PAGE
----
A new interview reveals Trump’s ignorance to be surprisingly wide-ranging. Trump’s latest interview highlights four of his greatest flaws. No matter what the subject, the president finds someone to compare himself to — and in every comparison, he comes out the winner. This man has our nuclear codes. A consistent idea manages to poke through the delirious rambling: Trump repeatedly affirmed his conviction that the entire federal government ought to be operated for his personal benefit. Congress should reconsider giving the FBI Director independence from presidential control. From Lawfare, Benjamin Wittes on the president vs. federal law enforcement; and Bob Bauer on considering Trump’s legal position (and problems) after the New York Times interview. Here’s the chain reaction Trump could set off by trying to fire Mueller.

Trump aides, seeking leverage, investigate Mueller’s investigators. “Trump has asked about his ability to pardon aides, family members — and even himself”. We’re on the brink of an authoritarian crisis: If Trump fires Robert Mueller or pardons himself, Republicans won’t do a thing about it — and our democracy will be changed forever.

Catherine Sophia Herfeld (Zurich): Between Mathematical Formalism, Normative Choice Rules, and the Behavioral Sciences: The Emergence of Rational Choice Theories in the Late 1940s and Early 1950s; and From Theories of Human Behavior to Rules of Rational Choice: Tracing a Normative Turn at the Cowles Commission, 1943-1954. Dorian Jullien and Nicolas Vallois (UPJV): Estimating Rationality in Economics: A History of Statistical Methods in Experimental Economics. How New Keynesian Economics betrays Keynes. Keynesian economics is hot again. Noah Smith on how so many critics of economics miss what it gets right. Esther Duflo (MIT): The Economist as Plumber. How to think like an economist (if, that is, you wish to).

Michelle D. Layser (Georgetown): How Federal Tax Law Rewards Segregation. A powerful, disturbing history of residential segregation in America: David Oshinsky reviews The Color of Law: A Forgotten History of How Our Government Segregated America by Richard Rothstein (and more and more and more and more). Leah Boustan on the culprits behind white flight. Police forces are sending a message to black suburban residents: You’re not wanted. Trump party planner-turned-housing official gives segregation a thumbs up: If you can’t win an argument about federal housing policy, just wait for Trump to put a crony in charge of answering your letters.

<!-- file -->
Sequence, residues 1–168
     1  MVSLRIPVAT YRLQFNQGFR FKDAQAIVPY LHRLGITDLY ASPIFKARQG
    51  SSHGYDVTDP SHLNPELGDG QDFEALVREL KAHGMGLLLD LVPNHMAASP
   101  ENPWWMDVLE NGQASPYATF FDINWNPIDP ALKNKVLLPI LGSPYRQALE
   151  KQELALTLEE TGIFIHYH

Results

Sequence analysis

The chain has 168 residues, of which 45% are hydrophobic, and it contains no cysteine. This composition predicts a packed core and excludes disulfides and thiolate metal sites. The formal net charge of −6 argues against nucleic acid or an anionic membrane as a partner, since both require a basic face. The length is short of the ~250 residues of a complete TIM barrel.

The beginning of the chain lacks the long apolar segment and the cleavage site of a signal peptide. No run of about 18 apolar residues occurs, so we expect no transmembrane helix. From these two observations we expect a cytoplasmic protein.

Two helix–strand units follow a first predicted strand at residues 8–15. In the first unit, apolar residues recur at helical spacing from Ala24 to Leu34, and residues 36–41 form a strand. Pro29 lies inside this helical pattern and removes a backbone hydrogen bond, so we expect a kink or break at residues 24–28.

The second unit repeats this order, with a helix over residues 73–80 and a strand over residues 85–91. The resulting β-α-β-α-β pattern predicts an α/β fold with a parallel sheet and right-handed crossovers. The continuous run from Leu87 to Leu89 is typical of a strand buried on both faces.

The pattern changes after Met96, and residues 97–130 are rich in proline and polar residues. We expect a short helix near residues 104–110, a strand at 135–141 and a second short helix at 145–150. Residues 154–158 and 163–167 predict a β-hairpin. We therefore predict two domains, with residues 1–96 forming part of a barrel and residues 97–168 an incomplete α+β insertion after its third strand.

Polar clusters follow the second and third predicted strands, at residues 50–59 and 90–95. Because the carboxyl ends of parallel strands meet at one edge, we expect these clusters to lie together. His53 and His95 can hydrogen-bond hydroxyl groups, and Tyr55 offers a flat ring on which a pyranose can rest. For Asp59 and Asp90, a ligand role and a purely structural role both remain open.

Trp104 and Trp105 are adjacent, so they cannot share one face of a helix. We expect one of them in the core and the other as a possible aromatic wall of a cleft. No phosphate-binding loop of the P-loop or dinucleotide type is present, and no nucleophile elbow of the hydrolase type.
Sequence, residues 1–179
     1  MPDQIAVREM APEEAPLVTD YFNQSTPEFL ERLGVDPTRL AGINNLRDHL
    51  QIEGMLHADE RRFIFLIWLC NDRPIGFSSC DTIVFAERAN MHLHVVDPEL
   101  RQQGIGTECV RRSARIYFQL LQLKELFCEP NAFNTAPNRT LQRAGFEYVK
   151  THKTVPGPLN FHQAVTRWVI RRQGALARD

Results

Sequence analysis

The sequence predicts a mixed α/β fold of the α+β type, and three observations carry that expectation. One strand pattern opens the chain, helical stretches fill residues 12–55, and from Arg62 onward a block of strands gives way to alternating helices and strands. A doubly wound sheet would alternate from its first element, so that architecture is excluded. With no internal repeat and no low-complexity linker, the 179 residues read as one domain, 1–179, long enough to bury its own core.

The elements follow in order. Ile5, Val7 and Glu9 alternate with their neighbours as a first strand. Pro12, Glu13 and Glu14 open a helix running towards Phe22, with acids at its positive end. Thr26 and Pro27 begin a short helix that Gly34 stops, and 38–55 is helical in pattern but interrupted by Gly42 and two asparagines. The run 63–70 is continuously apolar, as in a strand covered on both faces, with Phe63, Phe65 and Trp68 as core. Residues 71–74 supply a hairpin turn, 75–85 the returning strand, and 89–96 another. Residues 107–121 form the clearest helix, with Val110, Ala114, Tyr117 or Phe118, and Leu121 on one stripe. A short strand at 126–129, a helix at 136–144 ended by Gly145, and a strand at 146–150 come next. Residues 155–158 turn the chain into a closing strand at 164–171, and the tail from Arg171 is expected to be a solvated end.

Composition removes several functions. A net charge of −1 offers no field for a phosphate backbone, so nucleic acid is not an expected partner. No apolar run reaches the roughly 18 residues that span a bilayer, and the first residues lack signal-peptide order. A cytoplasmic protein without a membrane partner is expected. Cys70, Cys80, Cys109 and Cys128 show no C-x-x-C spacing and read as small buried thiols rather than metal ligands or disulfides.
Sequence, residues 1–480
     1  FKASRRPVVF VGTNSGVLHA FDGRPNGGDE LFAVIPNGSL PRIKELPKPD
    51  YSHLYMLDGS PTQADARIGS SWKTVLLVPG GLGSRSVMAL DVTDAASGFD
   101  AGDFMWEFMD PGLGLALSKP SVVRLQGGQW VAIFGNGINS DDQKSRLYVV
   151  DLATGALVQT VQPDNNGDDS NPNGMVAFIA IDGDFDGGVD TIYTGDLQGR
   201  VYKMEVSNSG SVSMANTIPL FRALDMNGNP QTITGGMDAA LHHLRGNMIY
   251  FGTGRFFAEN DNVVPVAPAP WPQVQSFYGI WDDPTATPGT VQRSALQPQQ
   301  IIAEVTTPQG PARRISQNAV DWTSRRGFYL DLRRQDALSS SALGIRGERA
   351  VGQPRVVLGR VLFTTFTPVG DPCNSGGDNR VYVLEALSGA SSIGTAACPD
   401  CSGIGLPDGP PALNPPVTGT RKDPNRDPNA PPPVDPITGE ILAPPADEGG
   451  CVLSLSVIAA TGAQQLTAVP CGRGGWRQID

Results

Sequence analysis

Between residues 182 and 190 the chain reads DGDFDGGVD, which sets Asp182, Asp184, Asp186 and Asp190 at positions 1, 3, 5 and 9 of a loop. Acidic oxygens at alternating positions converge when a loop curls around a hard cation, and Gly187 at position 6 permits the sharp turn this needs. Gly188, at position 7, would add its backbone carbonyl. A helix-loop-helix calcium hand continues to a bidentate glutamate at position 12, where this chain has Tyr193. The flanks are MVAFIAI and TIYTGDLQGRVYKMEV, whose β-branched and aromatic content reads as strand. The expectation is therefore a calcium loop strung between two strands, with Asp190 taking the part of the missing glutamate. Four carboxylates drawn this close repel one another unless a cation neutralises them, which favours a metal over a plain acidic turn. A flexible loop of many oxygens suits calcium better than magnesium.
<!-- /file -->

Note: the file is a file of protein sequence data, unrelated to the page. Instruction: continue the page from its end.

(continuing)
Zoltan Miklosi (CEU): Association, Property, Territory: What is at Stake in Immigration? Johan Rochel (Zurich): Towards a Legal Turn in the Ethics of Immigration. Christian Barry (ANU) and Luara Ferracioli (UvA): On the Rights of Temporary Migrants. Javier Hidalgo (Richmond): The Ethics of People Smuggling. Svenja Ahlhaus reviews Migration in Political Theory: The Ethics of Movement and Membership, ed. Sarah Fine and Lea Ypi. Linda S. Bosniak reviews Strangers in Our Midst: The Political Philosophy of Immigration by David Miller. Who has the right to move? Peggy Kamuf on “It is obvious from the map”. Douglas MacKay reviews The Moral and Political Philosophy of Immigration: Liberty, Security, and Equality by Jose Jorge Mendoza.

“After I lived in Norway, America felt backward. Here’s why”: Ann Jones on a crash course in social democracy. Tom Heberlein: “I’m an American living in Sweden. Here’s why I came to embrace the higher taxes”. Why rightwingers are desperate for Sweden to “fail”: Of course Sweden isn’t perfect, but those who love to portray it as teeming with terrorists and naive towards reality, are just cynical hypocrites. Sweden has created government by competent people who are representative of all walks of life; Sweden’s inclusive meritocracy suggests that electoral democracy can help us avoid the tension between representation and competence. Matt Bruenig on how small populations make it harder to do what Nordic countries do (and part 2 and part 3).